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Transcript
 Modernization and Innovation in the Weather Bureau: From Origins to the ONWP The U.S. Weather Bureau has consistently been maligned by historians for its delay in adopting Norwegian methods of weather analysis and forecasting as well as the lack of modernization in general. These claims provide inappropriate representations of American meteorology and the weather bureau. They deny or at least minimize the meteorological improvements and dedication to advanced methods that are evident in the history of the weather bureau and its precursors. This paper argues against this historiographical trend. In colonial times, statesmen‐naturalists such as Benjamin Franklin and Thomas Jefferson advocated weather data collection and interpretation in order to better understand the climate and weather patterns. From these beginnings American meteorological data expanded with army observations and the emergence of meteorologists such as James Pollard Espy, Elias Loomis, William Redfield and Robert Hare. Meteorological information was recorded by a number of federal agencies including notably the Smithsonian Institution, which grew into a network of meteorological stations that collected standardized observations as far as Mexico and Canada (Fleming 1990, 2011). The Civil War interrupted the practice however, and the Smithsonian meteorological project never returned to the same prestige after Appomattox. After the Civil War, Professor Cleveland Abbe supported the idea of creating a national weather service, and from his insistence arose the Military Signal Service under the direction of Colonel Albert J. Myer (Weber 1922). Abbe joined the U.S. government’s weather service as its first chief meteorologist in 1871 with two goals in mind: the optimization of the weather service and the study of theoretical meteorology (Willis and Hooke 2005). Abbe advocated for scientific forecasting based on equations of thermodynamics and fluid dynamics; he developed equations of atmospheric motion similar to those of Vilhelm Bjerknes. According to Willis and Hooke, “Both cataloged the necessary equations of state, continuity, thermodynamics, and motion. Both recognized the need for upper‐atmospheric observations” (Willis and Hooke 2005). Although some of the early members of the weather service were civilians or enlisted men without meteorological training, Abbe stressed the importance of high scientific standards and “required the weather service to stay at the forefront of technology” (Willis and Hooke 2005). Cleveland Abbe serves as an example of the desire for refined scientific practices in the United States. Although there were times of push back and difficulties to modernization, the foundations of the weather bureau and its devotion to cutting edge meteorological practices ever since Cleveland Abbe highlights the problem with the commonly held opinion that the old weather bureau was archaic and anti‐reform. My lecture will examine the early development of government‐organized meteorological practices in the United States and the difficulties in adopting the Bergen School techniques in North America. I argue that despite periods of transition, the weather bureau quickly became a leader in global meteorological practices. From its inception in 1870, the first national weather service under the Signal Office continued to grow and advocate further meteorological study; by 1875 the annual budget reflects its growth with an increase of one hundred‐fold, $400,000 per year (Fleming 2000). In 1890 the U.S. Weather Bureau was established under the Department of Agriculture with Mark Harrington as chief. Many of the individuals who worked for the bureau were not meteorologists, but trained civilians “whose duties included reading the instruments, launching balloons and wiring data to Washington” (Fleming 2011). Although these civilians were not ideal in terms of employee qualifications, they were instructed on gathering data and were not responsible for its interpretation. Harrington was replaced with Willis Moore in 1895, neither having led exceptionally productive administrations. It wasn’t until the leadership of Charles Marvin (1913‐1934), Willis Gregg (1934‐1938), and Francis Reichelderfer (1938‐1963) that the U.S. Weather Bureau was able to continue Abbe’s legacy and advance in world meteorology. World War I provided Marvin the opportunity to institute upper‐air sounding balloons and to develop marine and aviation weather services. This daily data collection supported reconnaissance, mail flights, and long‐range artillery shelling throughout America’s brief but intense military campaign (Fleming 2011). In the late 1920s and early 1930s the Bergen School techniques were garnering great attention from the international meteorological community, the United States included. Gregg and Reichelderfer spearheaded the difficult process of establishing Bergen School methods of air mass and frontal analysis in the U.S. Vilhelm and Jacob Bjerknes traveled through the United States, meeting with Gregg to promote their ideas. Carl‐Gustaf Rossby and Sverre Pettersen also aided in the transition as they were previously trained in Scandinavia. The process of incorporating these new methods necessitated the training and hiring of new meteorologists, Harry Wexler, Jerome Namias, and Horace Byers are three who fulfilled this need. They studied under Rossby and soon brought the Bergen techniques to the weather bureau. Air mass analysis began in the mid‐1930s, however the United States proved to have difficulties that were only alleviated through modification of the Norwegian methods. The Gulf of Mexico, the Rocky Mountains, and the Gulf Stream all distort the Bergen method of weather tracking and highlight the importance of further upper air data, which became available through the use of radiosondes. For these few years the weather bureau was not at the cutting edge of meteorological science as a result of the difficulties in translating the techniques that work for the Scandinavian climate to ones that work in North America. There were individuals in and around the weather bureau who were opposed to change. This was confirmed by Harry Wexler who pointed out that there were criticisms “made in the 1920’s and early 30s by people who were loath to accept the Norwegian methods, and who seized upon any discrepancy between analyses made by different men to discredit the newer methods” (Wexler 1939). Willis Gregg, Francis Reichelderfer, and emerging meteorologists such as Wexler however, were devoted to improved scientific methods and technologies. This devotion resulted in the steady rise in American meteorological practices. World War II provided another opportunity for American meteorology to aid the war effort and engage in a period of rapid modernization that utilized such technologies as radar and radio‐sondes. After the war the weather bureau propelled itself to the forefront of international meteorological practices through the influence of individuals such as Head of Research Harry Wexler and the leadership of Francis Reichelderfer. Although there is no denying the weather bureau's obduracy, especially before 1934, it was not as backward as many have claimed. The Bergen School was founded only in 1917, with general acceptance of their air mass analysis techniques and international diffusion coming in 1928 with Tor Bergeron's Ph.D. dissertation. The geographical features of North America differ greatly from Europe, so adoption of air mass techniques was not straightforward and weather forecasting necessitated a significant amount of further study. This work was carried out in the Weather Bureau after 1934 under the leadership of chiefs Willis Gregg and F.W. Reichelderfer, the inspiration of C‐G. Rossby, and the practical work of Horace Byers and Harry Wexler in the air mass analysis section. By 1954, the weather bureau was at the forefront of advancing Vilhelm Bjerknes' 1904 idea (or Cleveland Abbe’s of 1901) of weather prediction as a problem in mechanics and physics. Utilizing newly available electronic computers, Wexler helped bridge the gap between the graphical and digital methods, propelling the weather bureau to the forefront of meteorological advancements. He trained under Rossby in air mass analysis while studying at MIT and advocated for the study and implementation of numerical weather prediction. This lecture will delve into the emergence of the weather bureau, its commitment to innovation, and the eventual incorporation of modified Norwegian techniques into American practice. It will serve as a reminder that the organization, although marred on different occasions by difficulties and obduracy, was overall devoted and consistent in its quest for cutting‐edge scientific practices. References Davis, J. L. 1984. “Weather forecasting and the development of meteorological theory at the Paris Observatory, 1853–1878.” Ann. Sci., 41, 359–382. Fleming, James Rodger. 1990. Meteorology in America, 1800­1870. Baltimore: Johns Hopkins University Press. Fleming, James Rodger. 2000. “Storms, Strikes, and Surveillance: The U.S. Army Signal Office, 1861‐1891.” Historical Studies in the Physical and Biological Sciences 30, no. 2, 315‐332. Fleming, James Rodger. 2011. “National Weather Service Modernization: A Long History of Engagement with Scientific Discoveries, New Technologies, and Societal Needs,” Washington, DC: National Academy of Sciences, DELS‐BASC‐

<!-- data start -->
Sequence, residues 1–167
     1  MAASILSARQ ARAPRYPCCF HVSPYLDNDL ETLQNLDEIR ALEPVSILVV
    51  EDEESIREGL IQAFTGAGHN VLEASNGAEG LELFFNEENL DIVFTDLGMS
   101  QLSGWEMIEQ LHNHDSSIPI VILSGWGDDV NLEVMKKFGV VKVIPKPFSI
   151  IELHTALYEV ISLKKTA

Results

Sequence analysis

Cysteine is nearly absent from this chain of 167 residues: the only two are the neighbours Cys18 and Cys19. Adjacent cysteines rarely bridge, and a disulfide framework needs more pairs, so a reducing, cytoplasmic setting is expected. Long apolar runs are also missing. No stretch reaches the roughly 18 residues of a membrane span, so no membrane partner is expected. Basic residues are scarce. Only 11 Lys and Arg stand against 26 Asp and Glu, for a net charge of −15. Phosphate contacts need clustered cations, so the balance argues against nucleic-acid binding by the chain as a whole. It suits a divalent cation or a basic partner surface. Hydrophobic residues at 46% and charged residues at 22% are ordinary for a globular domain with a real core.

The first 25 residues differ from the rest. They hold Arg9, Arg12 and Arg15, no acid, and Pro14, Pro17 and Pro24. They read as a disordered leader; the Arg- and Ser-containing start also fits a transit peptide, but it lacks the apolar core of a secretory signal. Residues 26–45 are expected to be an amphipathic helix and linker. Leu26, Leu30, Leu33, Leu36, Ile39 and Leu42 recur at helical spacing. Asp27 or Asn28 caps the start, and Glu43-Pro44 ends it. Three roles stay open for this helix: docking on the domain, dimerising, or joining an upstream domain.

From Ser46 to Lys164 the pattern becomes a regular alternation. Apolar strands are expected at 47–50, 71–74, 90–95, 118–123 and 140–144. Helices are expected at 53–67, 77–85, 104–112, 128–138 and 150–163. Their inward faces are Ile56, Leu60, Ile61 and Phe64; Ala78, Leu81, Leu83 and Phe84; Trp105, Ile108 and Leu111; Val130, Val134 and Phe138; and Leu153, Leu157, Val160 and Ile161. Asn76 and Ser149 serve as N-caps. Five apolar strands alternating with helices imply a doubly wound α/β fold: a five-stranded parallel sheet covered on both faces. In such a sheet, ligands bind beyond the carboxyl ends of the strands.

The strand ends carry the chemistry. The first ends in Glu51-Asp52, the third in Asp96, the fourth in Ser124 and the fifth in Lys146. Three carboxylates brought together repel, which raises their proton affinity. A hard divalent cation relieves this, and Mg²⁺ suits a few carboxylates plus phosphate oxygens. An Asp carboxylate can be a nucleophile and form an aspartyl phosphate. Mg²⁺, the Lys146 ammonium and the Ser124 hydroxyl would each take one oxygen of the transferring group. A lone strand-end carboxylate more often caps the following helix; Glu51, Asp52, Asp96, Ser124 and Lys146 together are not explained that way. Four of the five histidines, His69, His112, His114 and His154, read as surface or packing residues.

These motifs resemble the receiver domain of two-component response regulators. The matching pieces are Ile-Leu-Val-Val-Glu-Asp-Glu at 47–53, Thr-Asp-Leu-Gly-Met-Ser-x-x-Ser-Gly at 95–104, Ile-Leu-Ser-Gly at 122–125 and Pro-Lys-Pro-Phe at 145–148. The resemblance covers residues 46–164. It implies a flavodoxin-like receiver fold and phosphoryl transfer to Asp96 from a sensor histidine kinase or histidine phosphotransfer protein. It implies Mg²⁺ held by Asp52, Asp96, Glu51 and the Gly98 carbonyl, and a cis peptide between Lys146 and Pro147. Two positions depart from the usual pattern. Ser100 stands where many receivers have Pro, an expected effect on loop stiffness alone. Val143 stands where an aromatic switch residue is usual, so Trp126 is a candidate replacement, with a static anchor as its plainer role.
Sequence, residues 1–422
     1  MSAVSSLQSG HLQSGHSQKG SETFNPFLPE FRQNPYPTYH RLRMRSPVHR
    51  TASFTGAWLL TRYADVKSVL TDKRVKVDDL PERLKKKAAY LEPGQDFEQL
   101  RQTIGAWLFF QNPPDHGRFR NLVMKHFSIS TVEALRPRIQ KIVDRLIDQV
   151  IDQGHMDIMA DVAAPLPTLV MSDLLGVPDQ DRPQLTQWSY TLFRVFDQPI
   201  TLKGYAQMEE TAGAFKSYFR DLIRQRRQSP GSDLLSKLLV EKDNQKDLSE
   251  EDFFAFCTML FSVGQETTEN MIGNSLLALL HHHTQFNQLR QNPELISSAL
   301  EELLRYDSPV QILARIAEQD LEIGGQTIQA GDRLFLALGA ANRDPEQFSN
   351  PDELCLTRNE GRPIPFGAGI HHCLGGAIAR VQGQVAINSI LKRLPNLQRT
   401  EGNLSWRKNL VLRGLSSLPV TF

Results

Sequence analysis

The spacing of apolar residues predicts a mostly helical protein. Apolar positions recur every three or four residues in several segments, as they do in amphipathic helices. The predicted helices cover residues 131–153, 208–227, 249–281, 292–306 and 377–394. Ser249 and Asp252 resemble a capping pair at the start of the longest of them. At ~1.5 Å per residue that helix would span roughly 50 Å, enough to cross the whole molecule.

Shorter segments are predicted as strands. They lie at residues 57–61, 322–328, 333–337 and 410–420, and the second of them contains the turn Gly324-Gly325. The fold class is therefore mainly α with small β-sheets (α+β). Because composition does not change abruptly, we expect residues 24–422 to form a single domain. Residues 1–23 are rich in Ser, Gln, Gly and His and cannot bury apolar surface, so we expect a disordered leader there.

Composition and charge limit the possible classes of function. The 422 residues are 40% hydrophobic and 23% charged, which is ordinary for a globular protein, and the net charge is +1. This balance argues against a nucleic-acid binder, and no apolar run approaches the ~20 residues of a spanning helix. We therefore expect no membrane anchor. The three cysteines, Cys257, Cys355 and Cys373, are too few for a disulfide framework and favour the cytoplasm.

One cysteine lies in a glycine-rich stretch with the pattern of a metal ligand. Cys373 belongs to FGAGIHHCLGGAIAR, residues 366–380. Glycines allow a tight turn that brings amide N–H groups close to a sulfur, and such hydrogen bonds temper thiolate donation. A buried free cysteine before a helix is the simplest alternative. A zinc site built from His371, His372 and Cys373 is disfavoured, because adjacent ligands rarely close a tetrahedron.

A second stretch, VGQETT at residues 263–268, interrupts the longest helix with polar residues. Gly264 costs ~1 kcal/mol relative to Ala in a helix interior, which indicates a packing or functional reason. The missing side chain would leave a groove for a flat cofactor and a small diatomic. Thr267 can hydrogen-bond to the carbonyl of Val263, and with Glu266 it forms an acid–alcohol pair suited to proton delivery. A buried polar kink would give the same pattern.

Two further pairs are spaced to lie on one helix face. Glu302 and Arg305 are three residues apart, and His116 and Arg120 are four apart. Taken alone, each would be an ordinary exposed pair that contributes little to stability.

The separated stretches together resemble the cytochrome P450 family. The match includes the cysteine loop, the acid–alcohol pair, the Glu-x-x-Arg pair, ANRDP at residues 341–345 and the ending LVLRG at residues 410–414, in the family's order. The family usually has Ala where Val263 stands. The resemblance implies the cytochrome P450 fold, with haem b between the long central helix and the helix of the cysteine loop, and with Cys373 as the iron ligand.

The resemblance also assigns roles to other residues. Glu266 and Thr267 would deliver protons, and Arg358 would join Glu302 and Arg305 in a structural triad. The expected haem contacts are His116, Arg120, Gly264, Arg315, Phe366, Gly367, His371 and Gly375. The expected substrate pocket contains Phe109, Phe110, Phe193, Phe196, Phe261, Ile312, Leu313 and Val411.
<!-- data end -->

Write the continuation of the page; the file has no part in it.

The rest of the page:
10‐01, May. Weber, Gustavus. 1922. The Weather Bureau; its History, Activities and Organization. New York: D. Appleton and Company. Wexler, Harry. “Memorandum,” July 25, 1939, Harry Wexler Papers, Library of Congress, Box 1. Wills, Edmund and William Hooke. “Cleveland Abbe and American Meteorology, 1981‐1901.” BAMS, March 2006, 315‐326.